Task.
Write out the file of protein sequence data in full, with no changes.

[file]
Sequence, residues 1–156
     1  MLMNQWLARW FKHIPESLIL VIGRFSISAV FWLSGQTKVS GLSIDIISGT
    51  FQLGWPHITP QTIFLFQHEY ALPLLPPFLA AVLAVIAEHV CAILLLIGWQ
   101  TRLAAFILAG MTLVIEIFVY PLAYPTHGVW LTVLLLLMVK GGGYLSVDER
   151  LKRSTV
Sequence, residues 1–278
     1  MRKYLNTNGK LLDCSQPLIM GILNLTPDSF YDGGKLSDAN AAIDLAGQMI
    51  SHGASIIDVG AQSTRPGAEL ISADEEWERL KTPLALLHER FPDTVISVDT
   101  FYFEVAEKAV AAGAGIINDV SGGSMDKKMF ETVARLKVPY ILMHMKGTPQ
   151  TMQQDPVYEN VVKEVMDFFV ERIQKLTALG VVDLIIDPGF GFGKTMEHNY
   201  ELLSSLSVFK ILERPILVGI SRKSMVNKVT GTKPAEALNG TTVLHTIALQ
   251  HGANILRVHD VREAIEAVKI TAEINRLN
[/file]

Sequence, residues 1–156
     1  MLMNQWLARW FKHIPESLIL VIGRFSISAV FWLSGQTKVS GLSIDIISGT
    51  FQLGWPHITP QTIFLFQHEY ALPLLPPFLA AVLAVIAEHV CAILLLIGWQ
   101  TRLAAFILAG MTLVIEIFVY PLAYPTHGVW LTVLLLLMVK GGGYLSVDER
   151  LKRSTV
Sequence, residues 1–278
     1  MRKYLNTNGK LLDCSQPLIM GILNLTPDSF YDGGKLSDAN AAIDLAGQMI
    51  SHGASIIDVG AQSTRPGAEL ISADEEWERL KTPLALLHER FPDTVISVDT
   101  FYFEVAEKAV AAGAGIINDV SGGSMDKKMF ETVARLKVPY ILMHMKGTPQ
   151  TMQQDPVYEN VVKEVMDFFV ERIQKLTALG VVDLIIDPGF GFGKTMEHNY
   201  ELLSSLSVFK ILERPILVGI SRKSMVNKVT GTKPAEALNG TTVLHTIALQ
   251  HGANILRVHD VREAIEAVKI TAEINRLN